NOTE: I will describe references used in the U.S. It is possible that relations are described differently in other countries and especially in languages other than English.Many people think that a "half first cousin" is someone who shares one grandparent with you but not both of them. For instance, my great-grandfather was married twice. He had several children by his first wife. The wife then died in childbirth and great-grandfather later remarried and had more children by his second wife. I am descended from great-grandfather and his first wife. I recently met a man who is descended from great-grandfather and his second wife. Some people would think that this other man and I are half-second cousins. "Half" apparently refers to a mistaken belief that we only share half the relationship because of our different great-grandmothers.
In fact, we are second cousins. Period.
In the United States, the standard reference for defining family relationships is Black's Law Dictionary. It is primarily a legal reference and is used by courts, lawyers, genealogical organizations, and many others.
Black's Law Dictionary defines first cousins as:
"The children of one's aunt or uncle."
Note that it says "aunt OR uncle," not both. All that is required is to share one aunt or one uncle, not both.Black's Law Dictionary defines second cousins as:
"Persons who are related to each other by descending from the same great-grandfather or great-grandmother."
Note that it says "the same great-grandfather OR great-grandmother," it does not say BOTH great-grandparents. Second cousins need to share only one great-grandparent. If they do share both great-grandparents, the relationship doesn't change; they are still second cousins.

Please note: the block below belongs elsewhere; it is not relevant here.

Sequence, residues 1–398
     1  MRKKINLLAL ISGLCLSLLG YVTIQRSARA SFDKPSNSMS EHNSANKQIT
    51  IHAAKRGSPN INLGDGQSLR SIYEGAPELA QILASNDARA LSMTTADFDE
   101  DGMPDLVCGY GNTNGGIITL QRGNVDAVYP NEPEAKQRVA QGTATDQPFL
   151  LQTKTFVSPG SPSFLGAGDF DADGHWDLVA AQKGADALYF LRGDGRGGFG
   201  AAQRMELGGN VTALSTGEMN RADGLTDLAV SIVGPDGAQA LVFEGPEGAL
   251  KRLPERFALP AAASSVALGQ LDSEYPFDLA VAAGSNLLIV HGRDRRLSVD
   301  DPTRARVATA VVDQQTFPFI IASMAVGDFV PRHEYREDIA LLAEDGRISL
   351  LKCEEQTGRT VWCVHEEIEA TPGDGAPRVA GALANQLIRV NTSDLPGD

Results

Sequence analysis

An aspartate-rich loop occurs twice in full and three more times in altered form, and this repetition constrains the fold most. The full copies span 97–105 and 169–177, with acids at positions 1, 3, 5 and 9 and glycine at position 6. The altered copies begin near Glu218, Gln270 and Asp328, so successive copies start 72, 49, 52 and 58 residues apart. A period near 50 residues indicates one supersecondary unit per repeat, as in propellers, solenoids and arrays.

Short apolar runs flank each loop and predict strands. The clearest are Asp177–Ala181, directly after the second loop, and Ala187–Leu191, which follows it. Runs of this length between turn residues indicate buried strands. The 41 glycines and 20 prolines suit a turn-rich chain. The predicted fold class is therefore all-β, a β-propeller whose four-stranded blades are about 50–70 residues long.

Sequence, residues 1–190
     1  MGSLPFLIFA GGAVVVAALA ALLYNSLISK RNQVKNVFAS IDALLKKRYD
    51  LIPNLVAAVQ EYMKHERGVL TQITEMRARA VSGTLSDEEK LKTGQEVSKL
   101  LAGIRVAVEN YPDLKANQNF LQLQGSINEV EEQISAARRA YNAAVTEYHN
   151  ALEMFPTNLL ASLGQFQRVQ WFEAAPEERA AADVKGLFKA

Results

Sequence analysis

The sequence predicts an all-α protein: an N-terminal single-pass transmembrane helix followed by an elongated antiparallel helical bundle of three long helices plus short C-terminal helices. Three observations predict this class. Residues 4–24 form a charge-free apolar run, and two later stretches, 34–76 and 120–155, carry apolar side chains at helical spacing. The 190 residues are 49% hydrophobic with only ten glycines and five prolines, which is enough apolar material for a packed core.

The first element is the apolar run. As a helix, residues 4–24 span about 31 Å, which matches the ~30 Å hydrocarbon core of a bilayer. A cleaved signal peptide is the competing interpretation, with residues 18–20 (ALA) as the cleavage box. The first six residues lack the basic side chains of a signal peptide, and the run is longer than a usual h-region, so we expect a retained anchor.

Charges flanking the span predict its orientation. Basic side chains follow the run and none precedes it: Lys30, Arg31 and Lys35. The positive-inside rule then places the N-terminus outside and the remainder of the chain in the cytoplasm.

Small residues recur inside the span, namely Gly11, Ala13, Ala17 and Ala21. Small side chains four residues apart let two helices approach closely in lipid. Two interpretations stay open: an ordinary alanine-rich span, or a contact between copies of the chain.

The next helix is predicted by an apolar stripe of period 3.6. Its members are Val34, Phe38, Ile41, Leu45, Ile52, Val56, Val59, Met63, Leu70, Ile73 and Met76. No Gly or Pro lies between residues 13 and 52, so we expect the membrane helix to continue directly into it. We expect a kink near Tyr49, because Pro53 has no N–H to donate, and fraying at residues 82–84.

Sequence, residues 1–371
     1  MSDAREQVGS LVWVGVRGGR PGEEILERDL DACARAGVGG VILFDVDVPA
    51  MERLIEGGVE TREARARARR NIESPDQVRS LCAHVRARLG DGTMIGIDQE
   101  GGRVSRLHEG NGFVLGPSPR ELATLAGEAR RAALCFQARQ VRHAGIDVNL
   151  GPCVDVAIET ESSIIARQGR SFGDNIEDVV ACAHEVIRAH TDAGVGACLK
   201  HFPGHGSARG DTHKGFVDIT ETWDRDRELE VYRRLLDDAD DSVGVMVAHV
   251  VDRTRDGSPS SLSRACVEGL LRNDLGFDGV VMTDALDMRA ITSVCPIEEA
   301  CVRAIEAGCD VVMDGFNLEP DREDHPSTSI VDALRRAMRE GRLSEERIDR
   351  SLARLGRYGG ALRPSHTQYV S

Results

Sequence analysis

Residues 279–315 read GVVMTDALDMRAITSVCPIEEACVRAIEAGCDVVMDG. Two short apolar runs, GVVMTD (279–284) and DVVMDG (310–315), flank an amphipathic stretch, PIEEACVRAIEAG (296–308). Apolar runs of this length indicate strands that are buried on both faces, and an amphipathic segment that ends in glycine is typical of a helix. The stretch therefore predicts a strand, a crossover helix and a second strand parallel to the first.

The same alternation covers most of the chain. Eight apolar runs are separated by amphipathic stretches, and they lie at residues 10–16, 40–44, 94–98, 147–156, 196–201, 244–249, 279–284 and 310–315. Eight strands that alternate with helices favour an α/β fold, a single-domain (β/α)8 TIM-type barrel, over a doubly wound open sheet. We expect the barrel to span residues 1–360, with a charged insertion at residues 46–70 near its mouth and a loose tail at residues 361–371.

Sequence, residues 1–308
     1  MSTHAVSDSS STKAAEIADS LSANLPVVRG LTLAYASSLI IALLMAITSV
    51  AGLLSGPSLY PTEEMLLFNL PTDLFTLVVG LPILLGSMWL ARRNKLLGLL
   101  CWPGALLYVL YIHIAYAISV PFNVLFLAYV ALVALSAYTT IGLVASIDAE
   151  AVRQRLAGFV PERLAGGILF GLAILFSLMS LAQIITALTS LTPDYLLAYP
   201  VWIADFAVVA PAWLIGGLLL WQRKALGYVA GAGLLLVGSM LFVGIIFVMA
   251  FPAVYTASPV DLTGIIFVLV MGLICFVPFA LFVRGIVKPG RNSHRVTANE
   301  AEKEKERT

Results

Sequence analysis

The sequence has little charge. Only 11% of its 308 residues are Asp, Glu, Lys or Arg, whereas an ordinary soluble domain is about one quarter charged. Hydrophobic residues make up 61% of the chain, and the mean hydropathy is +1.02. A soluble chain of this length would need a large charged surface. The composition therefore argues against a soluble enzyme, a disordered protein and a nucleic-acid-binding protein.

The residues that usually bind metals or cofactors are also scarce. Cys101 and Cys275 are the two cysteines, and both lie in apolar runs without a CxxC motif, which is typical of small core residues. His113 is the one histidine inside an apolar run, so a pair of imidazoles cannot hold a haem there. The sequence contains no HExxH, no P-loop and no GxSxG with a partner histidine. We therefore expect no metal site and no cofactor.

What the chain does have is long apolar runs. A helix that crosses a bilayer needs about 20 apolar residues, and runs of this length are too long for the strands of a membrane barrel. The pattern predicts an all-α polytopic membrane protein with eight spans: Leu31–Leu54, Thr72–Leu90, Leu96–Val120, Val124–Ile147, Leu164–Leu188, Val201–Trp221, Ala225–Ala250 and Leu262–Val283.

Source citation: you can see an image of the appropriate page from Black's Law Dictionary at http://blacks.worldfreemansociety.org/2/C/c0293.jpgCanon law (religious law, usually referring to the Catholic church but other religions also have rules that may be referred to as Canon law) agrees with Black's legal definitions. I am including a Canon law relationship chart that is a bit complex to read but, with a little study, quickly shows all such relationships. (Double-click on the chart to see a larger image.)
To read the chart, start with the Common Progenitor at the top of the chart, abbreviated as CP. Note that all that is required is one progenitor, not two. Go down the left side of the chart to find the first person in question (son/daughter, grandson/daughter, great-grandson/daughter, etc.), then go down the right side of the chart to find the second person in question. Next, find where the two individuals intersect. The relationship might say "2 cous" for second cousin or perhaps "2 cous 1 r" for second cousin once removed.
Sadly, even some genealogy software perpetuates this myth concerning half-cousins. I have seen programs that automatically calculate family relationships and provide an answer of "half-cousins" or "half second cousins" or something similar. However, the standard references used in genealogy all disagree. To be blunt, such programs are wrong.
What's in your database?